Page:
# Thread: relative clause

1. ## relative clause

Hello,

1)It is me who wants to talk to you.

2)It is me who want to talk to you.

3)It is you who wants to talk to her.

4)It is you who want to talk to her.

5)That man is me who wants to talk to you.

6)That man is me who want to talk to you.

7)It is I who is tired.

8)It is I who am tired.

Which are correct?

Thank you...

2. ## Re: relative clause

Originally Posted by lindadanca
Hello,

7)It is I who is tired.

8)It is I who am tired.

Which are correct?
***** NOT A TEACHER *****

(1) As I understand it, the really correct answer is:

It is I who is tired. That is: It (who is tired) is I.

BUT over the years, native speakers have decided that "who" belongs to

"I." Therefore, the correct answer nowadays is:

It is I who am tired. "Who am tired" is now analyzed as an adjective

clause modifying "I."

3. ## Re: relative clause

Thank you but I want to ensure of that.

4. ## Re: relative clause

Originally Posted by lindadanca
Thank you but I want to ensure of that.

Yes, you are correct: you should not accept an answer from a non-teacher such as I

until a teacher answers you.

5. ## Re: relative clause

Originally Posted by lindadanca
Thank you but I want to ensure of that.
***** NOT A TEACHER *****

(1) Do you know a book entitled Practical English Grammar by Michael Swan?

(a) Many of us learners find it very helpful.

(2) I found the answers in his book. (Remember: these are his answers, not mine!)

(3) VERY FORMAL (perfect English)

It is I who need your help. ("Need" matches "I." NOT: "needs.")

(4) VERY INFORMAL (the way many native speakers say it)

It is me that needs your help.

(5) Therefore, I think that we can safely say the correct answers are:

It is I who am tired.

It is me that is tired.

6. ## Re: relative clause

Originally Posted by TheParser
It is I who am tired.

It is me that is tired.
According to my experience

It's me who's tired.

is more common than either of the above. Does Swan mention the "who is" possiblity?

7. ## Re: relative clause

Originally Posted by birdeen's call
According to my experience

It's me who's tired.

is more common than either of the above. Does Swan mention the "who is" possiblity?

***** NOT A TEACHER *****

(1) I don't think that he does, but I am not sure.

(2) I, too, prefer "who," but I wanted to limit my answer to what an expert

like Mr. Swan said. The OP wanted an expert's opinion.

(3) If you find a reliable source that confirms the possibility of both

pronouns ("that" and "who"), please let us learners know.

THANK YOU

8. ## Re: relative clause

Originally Posted by birdeen's call
According to my experience

It's me who's tired.

is more common than either of the above. Does Swan mention the "who is" possiblity?

***** NOT A TEACHER *****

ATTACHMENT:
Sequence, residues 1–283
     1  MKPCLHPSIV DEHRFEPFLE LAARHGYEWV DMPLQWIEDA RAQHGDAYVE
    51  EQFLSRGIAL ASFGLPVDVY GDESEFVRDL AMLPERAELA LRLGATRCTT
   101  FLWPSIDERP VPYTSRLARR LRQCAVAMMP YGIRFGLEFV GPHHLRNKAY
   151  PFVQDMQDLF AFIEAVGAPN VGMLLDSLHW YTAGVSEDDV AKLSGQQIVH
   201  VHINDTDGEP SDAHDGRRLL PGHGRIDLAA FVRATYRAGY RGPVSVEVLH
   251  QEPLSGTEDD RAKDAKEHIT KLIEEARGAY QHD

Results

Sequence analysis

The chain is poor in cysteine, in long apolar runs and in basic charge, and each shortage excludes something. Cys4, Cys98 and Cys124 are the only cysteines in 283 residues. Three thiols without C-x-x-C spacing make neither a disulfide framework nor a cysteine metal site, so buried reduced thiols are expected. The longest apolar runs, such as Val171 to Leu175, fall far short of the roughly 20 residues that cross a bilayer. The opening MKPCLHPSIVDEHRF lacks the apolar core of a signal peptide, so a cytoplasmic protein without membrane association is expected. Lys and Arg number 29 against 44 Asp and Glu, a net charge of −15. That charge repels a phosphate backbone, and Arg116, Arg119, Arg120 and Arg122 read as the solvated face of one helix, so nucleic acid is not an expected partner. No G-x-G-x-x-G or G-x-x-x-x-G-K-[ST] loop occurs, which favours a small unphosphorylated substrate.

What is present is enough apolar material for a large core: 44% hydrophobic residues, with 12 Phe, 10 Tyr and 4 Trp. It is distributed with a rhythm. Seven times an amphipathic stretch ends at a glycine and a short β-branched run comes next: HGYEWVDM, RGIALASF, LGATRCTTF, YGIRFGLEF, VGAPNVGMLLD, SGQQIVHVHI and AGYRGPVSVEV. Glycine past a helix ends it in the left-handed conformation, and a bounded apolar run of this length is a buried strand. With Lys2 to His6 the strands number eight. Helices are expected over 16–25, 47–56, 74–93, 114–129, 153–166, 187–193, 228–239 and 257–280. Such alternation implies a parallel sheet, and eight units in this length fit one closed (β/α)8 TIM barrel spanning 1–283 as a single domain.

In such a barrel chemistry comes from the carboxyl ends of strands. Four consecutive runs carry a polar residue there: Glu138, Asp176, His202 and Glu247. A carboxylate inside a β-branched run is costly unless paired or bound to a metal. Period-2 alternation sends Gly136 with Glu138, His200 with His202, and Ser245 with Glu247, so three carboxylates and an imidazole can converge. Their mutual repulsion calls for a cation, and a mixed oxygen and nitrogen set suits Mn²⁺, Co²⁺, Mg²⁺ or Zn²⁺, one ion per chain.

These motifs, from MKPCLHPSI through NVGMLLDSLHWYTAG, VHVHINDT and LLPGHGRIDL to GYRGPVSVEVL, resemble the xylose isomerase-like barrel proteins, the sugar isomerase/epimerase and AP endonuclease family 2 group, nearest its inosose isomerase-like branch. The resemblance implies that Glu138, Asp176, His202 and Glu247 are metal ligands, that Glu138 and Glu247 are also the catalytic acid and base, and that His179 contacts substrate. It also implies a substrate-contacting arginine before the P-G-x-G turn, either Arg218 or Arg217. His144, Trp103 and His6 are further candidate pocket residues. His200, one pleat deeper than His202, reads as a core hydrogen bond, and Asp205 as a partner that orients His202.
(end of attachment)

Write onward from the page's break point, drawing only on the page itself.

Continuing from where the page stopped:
(1) I assume that we are talking about so-called cleft sentences:

Sue: I am tired.

Joe: Did you say Billy is tired?

Sue: No, I didn't. I said that it is I who am tired.

(2) Here is something I found from an expert at another helpline (published

in 2006):

It is me who/that does the washing every day. = I am the person who/that does ....

(3) I also read someone's opinion that even the great Professor Quirk does not

address the matter of "who" vs. "that."

(4) I did, however, read an amusing comment from one non-expert. His reasoning

is something like this:

(a) Perfect English is: It is I who am tired.

(b) Informal English is: It is me ____ is tired.

(a) His comment was that if you are going to be informal, why not go all the way?

That is, use "that" in the space. At least, you're being consistent!!!

9. ## Re: relative clause

Originally Posted by birdeen's call
According to my experience

It's me who's tired.

is more common than either of the above. Does Swan mention the "who is" possiblity?

***** NOT A TEACHER *****

UPDATE:

(1) I have exciting news!!!

(2) I found this in an earlier book (1973) that Professor Quirk co-authored with

Professor Greenbaum:

But 3rd person concord prevails (in informal English) where the objective case

pronoun me is used: It's me who's to blame.

(A Concise Grammar of Contemporary English, Harcourt Brace Jovanovich, Inc.)

10. ## Re: relative clause

Originally Posted by TheParser
***** NOT A TEACHER *****

UPDATE:

(1) I have exciting news!!!

(2) I found this in an earlier book (1973) that Professor Quirk co-authored with

Professor Greenbaum:

But 3rd person concord prevails (in informal English) where the objective case

pronoun me is used: It's me who's to blame.

(A Concise Grammar of Contemporary English, Harcourt Brace Jovanovich, Inc.)
It's good to have Professors Quirk and Greenbaum on your side!

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